Dhaka, dirt, disgust and dengue -Moinul Alam
Bangladesh has been witnessing the deadliest dengue outbreak since its inception back in 1999. The first case was detected in 1960 when it was called ‘Dacca Fever’. The fever is also known as break bone fever due to the extreme pain experienced by patients. This viral disease is spread by a mosquito called ‘Aedes’. Aedes mosquito gets infected after biting someone already infected. Then, the mosquito spreads the disease by biting others. This mosquito breeds in stagnant clear water. Therefore, each of our home is a breeding place for this infection carrier as there are many ways for water to become stagnant at our home particularly from the drainage of air conditioners and freezers.
The virus has also changed its pattern. Earlier, the fever used to outbreak during the monsoon i.e. from the month of July and ended within November. But over the last few years dengue patients are being identified throughout the year even in the months of December and January during the winter which is not at all the breeding time for Aedes mosquito.
The fever has changed its fever alarmingly this year. Most of the deaths resulted from dengue shock syndrome. Patients enter this fatal phase within two to three days after being diagnosed. Therefore, most of the deceased did not have much time to allow the doctors to take counter measures.
This year, number of child dengue patients have increased than any time before. Hospitals have to dedicate separate wards for treating children. Nearly 12 per cent of deaths are children this year. They have been proved to be prone to dengue shock syndrome. Child fatalities have become distressingly common this year with 102 children aged between 1-15 years died since the last week of September. Number of infected patients and deaths is likely to be few times more as many have received treatment at home without getting admitted to the hospital.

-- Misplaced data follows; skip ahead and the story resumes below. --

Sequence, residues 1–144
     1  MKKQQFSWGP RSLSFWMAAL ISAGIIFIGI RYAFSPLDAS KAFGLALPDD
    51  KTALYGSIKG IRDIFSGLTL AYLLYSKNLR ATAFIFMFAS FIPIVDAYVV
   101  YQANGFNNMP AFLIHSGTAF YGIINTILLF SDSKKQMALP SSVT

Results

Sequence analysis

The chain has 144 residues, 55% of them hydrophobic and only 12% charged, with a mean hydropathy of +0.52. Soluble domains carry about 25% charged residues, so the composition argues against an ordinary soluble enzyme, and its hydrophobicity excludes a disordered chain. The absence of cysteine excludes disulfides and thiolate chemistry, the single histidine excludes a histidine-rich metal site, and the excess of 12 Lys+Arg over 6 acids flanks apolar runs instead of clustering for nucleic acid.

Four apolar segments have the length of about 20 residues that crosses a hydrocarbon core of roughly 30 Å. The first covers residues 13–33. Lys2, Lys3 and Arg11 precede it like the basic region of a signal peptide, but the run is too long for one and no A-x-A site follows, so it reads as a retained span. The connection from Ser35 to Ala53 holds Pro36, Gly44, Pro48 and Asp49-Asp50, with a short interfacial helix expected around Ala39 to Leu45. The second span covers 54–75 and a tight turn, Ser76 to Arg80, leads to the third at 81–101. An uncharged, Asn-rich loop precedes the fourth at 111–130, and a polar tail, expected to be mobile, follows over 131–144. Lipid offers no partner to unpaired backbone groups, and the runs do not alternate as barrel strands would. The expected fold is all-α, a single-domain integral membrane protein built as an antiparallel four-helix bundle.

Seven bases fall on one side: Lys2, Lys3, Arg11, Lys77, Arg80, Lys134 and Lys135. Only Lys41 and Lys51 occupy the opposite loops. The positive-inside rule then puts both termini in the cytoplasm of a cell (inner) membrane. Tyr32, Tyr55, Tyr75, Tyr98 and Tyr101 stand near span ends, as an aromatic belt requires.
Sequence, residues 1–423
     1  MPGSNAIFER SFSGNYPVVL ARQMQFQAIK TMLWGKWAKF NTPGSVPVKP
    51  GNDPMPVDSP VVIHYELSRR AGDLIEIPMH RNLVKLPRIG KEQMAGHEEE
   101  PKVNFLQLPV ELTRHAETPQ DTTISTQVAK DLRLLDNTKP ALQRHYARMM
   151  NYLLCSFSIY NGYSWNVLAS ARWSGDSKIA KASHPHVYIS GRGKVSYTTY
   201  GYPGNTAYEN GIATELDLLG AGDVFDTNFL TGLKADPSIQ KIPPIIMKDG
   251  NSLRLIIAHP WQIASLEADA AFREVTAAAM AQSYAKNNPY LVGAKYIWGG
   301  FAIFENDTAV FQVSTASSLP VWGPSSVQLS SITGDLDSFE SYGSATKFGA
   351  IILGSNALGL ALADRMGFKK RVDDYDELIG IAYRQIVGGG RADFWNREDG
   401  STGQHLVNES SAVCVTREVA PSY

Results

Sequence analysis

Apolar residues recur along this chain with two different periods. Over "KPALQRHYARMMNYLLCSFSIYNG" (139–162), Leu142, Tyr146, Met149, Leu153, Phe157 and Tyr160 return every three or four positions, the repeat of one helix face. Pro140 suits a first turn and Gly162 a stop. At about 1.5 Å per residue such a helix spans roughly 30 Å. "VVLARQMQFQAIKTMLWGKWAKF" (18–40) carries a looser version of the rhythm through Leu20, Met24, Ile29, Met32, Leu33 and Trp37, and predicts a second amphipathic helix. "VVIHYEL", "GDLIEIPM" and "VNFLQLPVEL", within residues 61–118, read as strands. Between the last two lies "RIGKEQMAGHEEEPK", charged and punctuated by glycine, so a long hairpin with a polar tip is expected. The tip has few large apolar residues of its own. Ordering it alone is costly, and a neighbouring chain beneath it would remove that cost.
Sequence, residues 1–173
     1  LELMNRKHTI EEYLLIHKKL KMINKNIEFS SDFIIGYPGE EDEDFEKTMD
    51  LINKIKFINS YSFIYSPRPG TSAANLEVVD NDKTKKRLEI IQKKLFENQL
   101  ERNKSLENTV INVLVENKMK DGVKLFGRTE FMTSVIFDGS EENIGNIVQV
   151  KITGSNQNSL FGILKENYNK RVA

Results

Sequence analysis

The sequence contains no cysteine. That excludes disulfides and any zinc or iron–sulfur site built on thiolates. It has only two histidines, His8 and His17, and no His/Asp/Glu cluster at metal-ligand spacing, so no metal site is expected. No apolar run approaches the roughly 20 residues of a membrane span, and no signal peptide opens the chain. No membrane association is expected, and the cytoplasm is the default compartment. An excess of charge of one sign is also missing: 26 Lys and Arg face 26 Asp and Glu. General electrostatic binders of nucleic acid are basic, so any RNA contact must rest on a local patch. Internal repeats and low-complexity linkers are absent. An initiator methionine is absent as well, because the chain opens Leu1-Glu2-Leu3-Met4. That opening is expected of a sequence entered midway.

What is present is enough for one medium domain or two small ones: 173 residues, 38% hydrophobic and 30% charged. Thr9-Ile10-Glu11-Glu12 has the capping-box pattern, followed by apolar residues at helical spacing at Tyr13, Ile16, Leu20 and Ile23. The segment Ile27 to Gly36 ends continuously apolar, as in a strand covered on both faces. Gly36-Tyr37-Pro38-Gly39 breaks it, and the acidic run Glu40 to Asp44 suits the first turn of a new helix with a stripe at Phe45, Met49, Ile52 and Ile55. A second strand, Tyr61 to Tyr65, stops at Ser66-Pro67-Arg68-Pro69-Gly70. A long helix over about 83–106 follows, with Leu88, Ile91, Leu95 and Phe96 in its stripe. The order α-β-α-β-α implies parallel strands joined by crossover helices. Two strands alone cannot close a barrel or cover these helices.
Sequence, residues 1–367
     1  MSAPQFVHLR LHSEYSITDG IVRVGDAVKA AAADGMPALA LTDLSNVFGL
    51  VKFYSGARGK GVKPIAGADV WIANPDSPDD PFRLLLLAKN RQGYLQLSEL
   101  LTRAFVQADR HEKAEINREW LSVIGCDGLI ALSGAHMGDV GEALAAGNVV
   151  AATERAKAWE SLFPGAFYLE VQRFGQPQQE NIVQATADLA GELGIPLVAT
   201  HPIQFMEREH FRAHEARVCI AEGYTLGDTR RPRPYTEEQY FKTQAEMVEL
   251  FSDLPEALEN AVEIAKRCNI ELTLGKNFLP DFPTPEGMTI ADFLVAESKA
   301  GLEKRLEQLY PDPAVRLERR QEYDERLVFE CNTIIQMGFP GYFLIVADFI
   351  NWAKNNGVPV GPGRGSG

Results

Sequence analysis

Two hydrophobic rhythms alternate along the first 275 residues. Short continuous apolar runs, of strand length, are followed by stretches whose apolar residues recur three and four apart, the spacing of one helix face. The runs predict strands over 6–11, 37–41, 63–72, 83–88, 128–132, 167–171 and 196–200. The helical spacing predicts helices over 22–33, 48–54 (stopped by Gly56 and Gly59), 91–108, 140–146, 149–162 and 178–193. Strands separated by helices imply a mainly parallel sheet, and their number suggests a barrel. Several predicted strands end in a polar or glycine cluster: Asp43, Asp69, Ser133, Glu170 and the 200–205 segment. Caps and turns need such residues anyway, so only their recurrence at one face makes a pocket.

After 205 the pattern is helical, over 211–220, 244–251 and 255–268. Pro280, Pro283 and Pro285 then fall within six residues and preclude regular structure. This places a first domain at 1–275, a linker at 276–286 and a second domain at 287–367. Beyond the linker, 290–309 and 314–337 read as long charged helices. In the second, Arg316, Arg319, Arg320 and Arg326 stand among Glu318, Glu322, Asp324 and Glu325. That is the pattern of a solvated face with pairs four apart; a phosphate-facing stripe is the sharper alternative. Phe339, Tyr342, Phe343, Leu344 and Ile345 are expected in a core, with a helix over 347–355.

As usual the most of the deaths and infected patients are residents of the capital city. However, towards the end of the year patients began to come to the capital city for better treatment indicating a sharp rise of dengue patients across Bangladesh. The two city corporations of Dhaka did not take any noticeable measures to combat the fever other than traditional spraying and fogging which is not at all effective for destroying the larvae. Dhaka North City Corporation (DNCC) for the first time had recourse to the use of bacteria to control the breeding of Aedes mosquito. The DNCC has used Bacillus thuringiensis israelensis (Bti) bacteria in August. DNCC claimed that it is a naturally occurring bacteria and it does not cause any harm to the environment like usual pesticides. It is necessary to carry out survey and conduct research over the effectiveness of this bacteria. The result is likely to take time as density of Aedes population has to be measured throughout the year.
Dengue has been spreading worldwide. It is not too far for this disease to trigger another global health emergency like Covid-19. The World Health Organization (WHO) warned earlier that Dengue will be a potential threat across the southern part of the United States and Europe as well as many countries in Africa. Due to climate change, summer has been prolonged in many parts of the United States, Europe and Africa. As a result, rainfall has also been prolonged and the optimum breeding condition for Aedes mosquito remained.
In order to prevent Dengue virus from spreading we have to stop the breeding of Aedes mosquito. Therefore, we need to clean our surrounding. We should change water in every three days at places where water accumulates particularly from flower vases, air conditioners and refrigerators. Moreover, we have to take special care of our children during the peak time by wearing them full sleeve clothing and using mosquito repellents.
Every one of us owes a duty of care to keep our environment clean. Prophet Muhammad (PBUH) also stressed on staying clean and referred cleanliness as an inseparable part of our Iman. Therefore, without depending on the authorities, we should put our little efforts to combat the situation. Our little efforts will cumulate into a bigger one at the end the day indeed.